Different types of residential air conditioning systems

If you are a new homeowner, you might assume all air cooling systems are the same. On the contrary, there are several options. If you are considering a unit for your home, or are merely curious, here are the different types of residential air conditioning systems.

Split Vs. Packaged System

It is best to first understand the two categories in which air conditioning systems fall under: split or packaged systems. Split systems are the most common type of air conditioner, made up of an indoor and outdoor unit. The outdoor unit contains the condenser coil, which releases heat, and the compressor, which pumps coolant between the two coils. The indoor unit includes the evaporator coil and removes heat and moisture from the air.

The packaged system has the evaporator, condenser, and compressor all in one unit. Under these two categories, there are four types of air conditioning:


The most popular type of air conditioner is the room unit, usually recognized as a window unit or a portable air conditioner. A packaged system, room air conditioners provide direct cooling to chosen spaces. Window units often offer a quick, easy, and affordable solution to conditioning needs as they require very little installation and can be purchased and used within an hour.


The best example of a split system is a central air conditioning system. Central A/C, as it is commonly called, circulates cool air throughout a home using a system of ducts and registers. Central air is popular because it proves quiet and convenient, providing cooling throughout the home as opposed to a select space.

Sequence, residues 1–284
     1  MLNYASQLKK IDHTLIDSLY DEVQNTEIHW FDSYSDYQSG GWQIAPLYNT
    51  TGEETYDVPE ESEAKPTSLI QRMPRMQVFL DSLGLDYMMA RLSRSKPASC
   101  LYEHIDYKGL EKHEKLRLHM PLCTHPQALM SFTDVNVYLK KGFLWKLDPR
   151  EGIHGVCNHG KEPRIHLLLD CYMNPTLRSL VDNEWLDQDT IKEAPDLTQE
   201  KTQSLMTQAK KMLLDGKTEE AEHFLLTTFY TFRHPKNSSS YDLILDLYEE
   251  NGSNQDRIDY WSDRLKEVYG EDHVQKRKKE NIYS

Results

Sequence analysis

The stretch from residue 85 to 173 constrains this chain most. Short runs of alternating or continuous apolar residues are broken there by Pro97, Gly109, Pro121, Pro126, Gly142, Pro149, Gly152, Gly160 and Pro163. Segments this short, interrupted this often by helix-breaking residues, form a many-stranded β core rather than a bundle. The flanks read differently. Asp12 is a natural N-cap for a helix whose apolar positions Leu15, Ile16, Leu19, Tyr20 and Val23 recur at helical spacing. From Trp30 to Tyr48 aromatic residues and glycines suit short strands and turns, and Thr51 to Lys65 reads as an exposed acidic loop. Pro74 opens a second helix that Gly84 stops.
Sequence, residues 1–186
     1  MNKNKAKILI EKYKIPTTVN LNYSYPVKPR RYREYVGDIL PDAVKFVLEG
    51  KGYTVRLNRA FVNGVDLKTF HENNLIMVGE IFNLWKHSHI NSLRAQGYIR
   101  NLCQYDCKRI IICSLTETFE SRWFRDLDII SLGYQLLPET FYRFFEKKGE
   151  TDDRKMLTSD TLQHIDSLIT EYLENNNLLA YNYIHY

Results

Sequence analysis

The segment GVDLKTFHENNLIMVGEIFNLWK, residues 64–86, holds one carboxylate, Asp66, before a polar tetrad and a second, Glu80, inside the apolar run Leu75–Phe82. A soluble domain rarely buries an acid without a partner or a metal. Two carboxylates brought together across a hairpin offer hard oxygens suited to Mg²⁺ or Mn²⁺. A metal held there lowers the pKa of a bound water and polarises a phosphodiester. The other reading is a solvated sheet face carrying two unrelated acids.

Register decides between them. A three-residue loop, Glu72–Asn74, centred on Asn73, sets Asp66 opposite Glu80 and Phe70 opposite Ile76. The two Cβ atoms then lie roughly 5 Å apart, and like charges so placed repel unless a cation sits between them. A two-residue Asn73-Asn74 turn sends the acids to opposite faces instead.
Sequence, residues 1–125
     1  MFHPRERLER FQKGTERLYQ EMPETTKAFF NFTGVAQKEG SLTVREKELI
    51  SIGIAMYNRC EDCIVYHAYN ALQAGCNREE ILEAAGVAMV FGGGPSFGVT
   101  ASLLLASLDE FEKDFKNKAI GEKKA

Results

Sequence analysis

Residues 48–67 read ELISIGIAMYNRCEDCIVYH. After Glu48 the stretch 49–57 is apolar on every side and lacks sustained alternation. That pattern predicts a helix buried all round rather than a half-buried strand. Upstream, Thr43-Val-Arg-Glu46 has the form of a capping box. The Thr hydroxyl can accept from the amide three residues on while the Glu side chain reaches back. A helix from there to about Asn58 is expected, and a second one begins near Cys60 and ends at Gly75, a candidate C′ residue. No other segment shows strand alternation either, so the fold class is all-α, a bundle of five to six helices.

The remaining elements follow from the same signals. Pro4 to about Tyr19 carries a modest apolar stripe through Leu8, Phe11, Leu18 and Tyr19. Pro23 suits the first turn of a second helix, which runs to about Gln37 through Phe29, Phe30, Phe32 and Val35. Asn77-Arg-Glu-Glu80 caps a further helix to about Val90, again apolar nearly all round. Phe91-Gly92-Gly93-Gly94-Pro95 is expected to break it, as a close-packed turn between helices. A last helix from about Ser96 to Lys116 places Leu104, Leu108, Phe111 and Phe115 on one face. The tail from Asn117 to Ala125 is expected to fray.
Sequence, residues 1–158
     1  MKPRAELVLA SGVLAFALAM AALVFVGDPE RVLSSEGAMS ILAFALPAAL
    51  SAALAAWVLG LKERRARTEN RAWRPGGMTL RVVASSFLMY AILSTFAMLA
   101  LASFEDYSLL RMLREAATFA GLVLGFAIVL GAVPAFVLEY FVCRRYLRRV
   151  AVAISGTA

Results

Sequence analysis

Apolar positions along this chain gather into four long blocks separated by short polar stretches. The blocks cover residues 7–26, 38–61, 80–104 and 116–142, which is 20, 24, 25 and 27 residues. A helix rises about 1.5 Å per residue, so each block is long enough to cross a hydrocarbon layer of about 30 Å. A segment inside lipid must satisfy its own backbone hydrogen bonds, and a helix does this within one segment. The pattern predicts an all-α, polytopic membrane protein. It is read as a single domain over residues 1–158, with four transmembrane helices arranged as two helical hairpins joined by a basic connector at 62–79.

Like central air, there are mini-split systems that do not have ductwork. Ductless cooling systems have an outdoor compressor and condenser with one or more indoor units in separate rooms that cool that room only. The main advantages of ductless systems are that they can be installed without tearing up walls to install ductwork and they allow the flow of cold air to be controlled independently in each room.


Also known as swamp coolers, evaporative systems cool outdoor air using evaporated water to circulate throughout the house. Since air conditioners create a cooler environment by reducing the amount of moisture in the air, evaporative options are really only suitable for areas with low humidity. They are especially good if you live in an arid climate as they can add moisture to the air while cooling, improving overall comfort in the heat.

If you are ready to cool your home, Contact Service First Heating and Cooling to weigh out your options.